As common as Psoriasis is, the comorbidities associated with Psoriasis are often overlooked by patients and sometimes their physicians. As a part of their Psoriasis comorbidities series, Delaney Drew, and Kristi Hawley, DO have been publishing monthly articles to better identify, understand, and associate these issues.
In part 2 published in October, mental health comes into focus. A comorbidity that can be both difficult to diagnose and associate with Psoriasis that is far too common with those suffering from the disease. With shared mechanisms in pathogeneses of Psoriasis and depression and an association with an increased risk of anxiety, low self-esteem, stress, and more, a deeper understanding of this comorbidity and how to screen for mental health risks is necessary.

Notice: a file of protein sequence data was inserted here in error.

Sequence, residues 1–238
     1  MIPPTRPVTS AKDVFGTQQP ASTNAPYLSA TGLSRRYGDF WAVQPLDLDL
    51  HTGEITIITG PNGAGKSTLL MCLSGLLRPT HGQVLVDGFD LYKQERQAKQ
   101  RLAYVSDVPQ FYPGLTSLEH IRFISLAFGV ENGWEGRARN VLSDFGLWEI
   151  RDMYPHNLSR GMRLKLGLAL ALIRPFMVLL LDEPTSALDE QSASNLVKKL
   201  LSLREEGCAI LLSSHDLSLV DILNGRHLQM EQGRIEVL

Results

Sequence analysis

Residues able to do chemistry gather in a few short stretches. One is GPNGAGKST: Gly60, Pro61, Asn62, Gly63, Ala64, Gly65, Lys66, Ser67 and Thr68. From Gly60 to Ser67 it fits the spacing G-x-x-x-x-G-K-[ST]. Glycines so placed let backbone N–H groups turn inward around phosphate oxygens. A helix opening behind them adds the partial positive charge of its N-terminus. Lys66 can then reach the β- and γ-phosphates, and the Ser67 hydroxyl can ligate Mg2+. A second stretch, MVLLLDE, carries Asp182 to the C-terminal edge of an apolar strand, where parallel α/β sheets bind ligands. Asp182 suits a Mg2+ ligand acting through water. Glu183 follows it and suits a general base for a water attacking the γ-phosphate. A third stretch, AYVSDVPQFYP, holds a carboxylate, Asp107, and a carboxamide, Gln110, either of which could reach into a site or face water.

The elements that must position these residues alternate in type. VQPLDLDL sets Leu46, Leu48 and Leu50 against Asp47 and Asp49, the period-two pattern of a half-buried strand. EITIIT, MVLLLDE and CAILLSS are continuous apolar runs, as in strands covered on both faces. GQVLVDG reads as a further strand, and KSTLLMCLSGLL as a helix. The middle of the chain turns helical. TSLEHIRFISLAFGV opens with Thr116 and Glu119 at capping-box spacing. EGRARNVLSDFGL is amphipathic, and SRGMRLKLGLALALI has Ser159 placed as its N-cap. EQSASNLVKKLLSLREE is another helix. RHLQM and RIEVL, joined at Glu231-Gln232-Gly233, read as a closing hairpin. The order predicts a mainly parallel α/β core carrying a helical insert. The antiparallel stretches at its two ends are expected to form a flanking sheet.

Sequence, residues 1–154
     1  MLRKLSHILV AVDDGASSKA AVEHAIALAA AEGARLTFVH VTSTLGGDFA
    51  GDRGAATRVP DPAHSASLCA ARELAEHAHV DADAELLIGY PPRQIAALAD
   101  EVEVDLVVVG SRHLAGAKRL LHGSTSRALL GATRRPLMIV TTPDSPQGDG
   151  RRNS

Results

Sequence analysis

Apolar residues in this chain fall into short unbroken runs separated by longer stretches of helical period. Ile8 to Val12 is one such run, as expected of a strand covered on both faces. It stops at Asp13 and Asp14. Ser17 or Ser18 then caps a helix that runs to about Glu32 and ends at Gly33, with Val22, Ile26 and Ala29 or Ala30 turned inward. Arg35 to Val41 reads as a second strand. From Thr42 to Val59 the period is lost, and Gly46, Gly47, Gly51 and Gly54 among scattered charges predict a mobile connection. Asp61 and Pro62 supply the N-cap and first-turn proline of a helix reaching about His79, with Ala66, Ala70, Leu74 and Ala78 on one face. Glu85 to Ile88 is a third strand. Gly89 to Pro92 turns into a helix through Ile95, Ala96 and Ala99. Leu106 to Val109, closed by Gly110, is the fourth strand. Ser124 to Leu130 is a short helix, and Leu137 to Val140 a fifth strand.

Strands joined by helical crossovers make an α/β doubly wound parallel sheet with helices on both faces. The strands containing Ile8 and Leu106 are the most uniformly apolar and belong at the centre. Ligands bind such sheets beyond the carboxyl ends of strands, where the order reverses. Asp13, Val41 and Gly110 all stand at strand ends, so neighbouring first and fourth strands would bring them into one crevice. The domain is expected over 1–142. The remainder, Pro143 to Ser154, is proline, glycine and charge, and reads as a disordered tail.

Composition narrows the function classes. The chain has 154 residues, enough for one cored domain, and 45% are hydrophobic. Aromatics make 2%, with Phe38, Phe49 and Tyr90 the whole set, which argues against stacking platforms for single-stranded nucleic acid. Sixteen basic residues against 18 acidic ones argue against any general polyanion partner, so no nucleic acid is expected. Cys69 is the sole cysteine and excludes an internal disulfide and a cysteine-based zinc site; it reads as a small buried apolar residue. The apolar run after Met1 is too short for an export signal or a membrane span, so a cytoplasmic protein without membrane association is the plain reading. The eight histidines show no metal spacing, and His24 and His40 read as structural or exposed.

In this article a few key takeaways are discussed including:
- Psoriasis is a multifactorial systemic disease that affects 1% to 3% of the global population.
- Psoriasis has been associated with several mental health adverse effects, including increased risk of anxiety, depression, low self-esteem, alexithymia (difficulty identifying or expressing emotions), stress, self-harm, and suicidality.
- Patients with psoriasis have an elevated risk of suicidal ideation and behavior.
- Shared mechanisms in the pathogeneses of psoriasis and depression include an increase in circulating inflammatory cytokines TNF- , IL-1 , IL-2 , INF – , IL – 6 , IL – 17 IL – 13 and brain-derived neuropathic factor which plays a role in neuropathic and mental health disorders.
- Managing all comorbidities associated with psoriasis can constitute a considerable task for the clinician. The use of screening tools may help discover patients in need of referral to psychotherapy and other specialties or further investigation.
To explore this connection further, please read the full article on The Dermatologist linked below: